$ make 

usage: make <target> 
            help (this message) 

This assumes a bunch of things like you must be calling make from the correct directory, but is a good working proof of concept.

Docker Compose static IP address in docker-compose.yml

Usually, when launching Docker containers we don’t really know or care what IP address a specific container will be given. If proper service discovery and registration is configured, we just launch containers as needed and they make it into the application ecosystem seamlessly. Recently, I was working on a very edge-case multi-container application where every container needed to know (or be able to predict) every other containers’ IP address at run time. This was not a cascaded need where successor containers learn predecessors’ IP addresses, but more like a full mesh.

In Docker Engine 1.10 the docker run command received a new flag namely the --ip flag. This allows you to define a static IP address for a container at run time. Unfortunately, Docker Compose (1.6.2) did not support this option. I guess we can think of Engine as being upstream of Compose, so some new Engine features take a while to make it into Compose. Luckily, this has already made it into mainline dev for Compose and is earmarked for release with the 1.7.0 milestone (which should coincide with Engine 1.11). Find the commit we care about here.

get the dev build for Compose 1.7.0:

# cd /usr/local/bin
# wget -q
# chmod 755 docker-compose-Linux-x86_64
# mv docker-compose-Linux-x86_64 docker-compose$(./docker-compose-Linux-x86_64 --version | awk '{print "-"$3$5}' | sed -e 's/,/_/')
# mv docker-compose docker-compose$(./docker-compose --version | awk '{print "-"$3$5}' | sed -e 's/,/_/')
# ln -s docker-compose-1.7.0dev_85e2fb6 docker-compose
# ls
lrwxrwxrwx 1 root root      31 Mar 30 08:38 docker-compose -> docker-compose-1.7.0dev_85e2fb6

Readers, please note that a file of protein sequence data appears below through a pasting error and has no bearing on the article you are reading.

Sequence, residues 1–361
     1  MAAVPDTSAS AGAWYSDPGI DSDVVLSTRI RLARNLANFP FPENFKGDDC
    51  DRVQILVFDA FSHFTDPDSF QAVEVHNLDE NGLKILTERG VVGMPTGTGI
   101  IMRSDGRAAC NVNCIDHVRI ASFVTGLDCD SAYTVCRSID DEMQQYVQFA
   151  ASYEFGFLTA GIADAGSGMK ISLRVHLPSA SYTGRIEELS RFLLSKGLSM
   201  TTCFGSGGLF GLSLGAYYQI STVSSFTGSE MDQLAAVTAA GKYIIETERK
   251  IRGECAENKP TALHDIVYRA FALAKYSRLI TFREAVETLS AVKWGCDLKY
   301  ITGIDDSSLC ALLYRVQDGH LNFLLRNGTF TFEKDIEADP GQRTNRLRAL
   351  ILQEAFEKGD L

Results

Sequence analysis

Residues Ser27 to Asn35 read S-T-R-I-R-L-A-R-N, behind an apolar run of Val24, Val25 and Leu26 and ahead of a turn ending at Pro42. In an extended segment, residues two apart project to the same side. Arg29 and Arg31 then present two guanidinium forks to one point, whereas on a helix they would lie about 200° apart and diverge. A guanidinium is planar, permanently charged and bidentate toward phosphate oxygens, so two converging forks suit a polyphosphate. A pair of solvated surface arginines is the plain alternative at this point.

-rwxr-xr-x 1 root root 7929597 Mar 24 08:01 docker-compose-1.6.2_4d72027
-rwxr-xr-x 1 root root 7938771 Mar 29 09:14 docker-compose-1.7.0dev_85e2fb6

In this case I decided to keep the 1.6.2 docker-compose binary along with the 1.7.0 docker-compose binary, then create a symlink to the one I wanted to use as the active docker-compose

Here’s a sample of how you might define a static IP address in docker-compose.yml that would work using docker-compose 1.7.0

version: "2"
    driver: bridge
      - subnet:

docker get list of tags in repository

The native docker command has an excellent way to search the docker hub repository for an image. Just use docker search <search string> to look in their registry.

# docker search debian
NAME                          DESCRIPTION                                     STARS     OFFICIAL   AUTOMATED
ubuntu                        Ubuntu is a Debian-based Linux operating s...   2338      [OK]       
debian                        Debian is a Linux distribution that's comp...   763       [OK]       
google/debian                                                                 47                   [OK]
neurodebian                   NeuroDebian provides neuroscience research...   12        [OK]       
jesselang/debian-vagrant      Stock Debian Images made Vagrant-friendly ...   4                    [OK]
eboraas/debian                Debian base images, for all currently-avai...   3                    [OK]
armbuild/debian               ARMHF port of debian                            3                    [OK]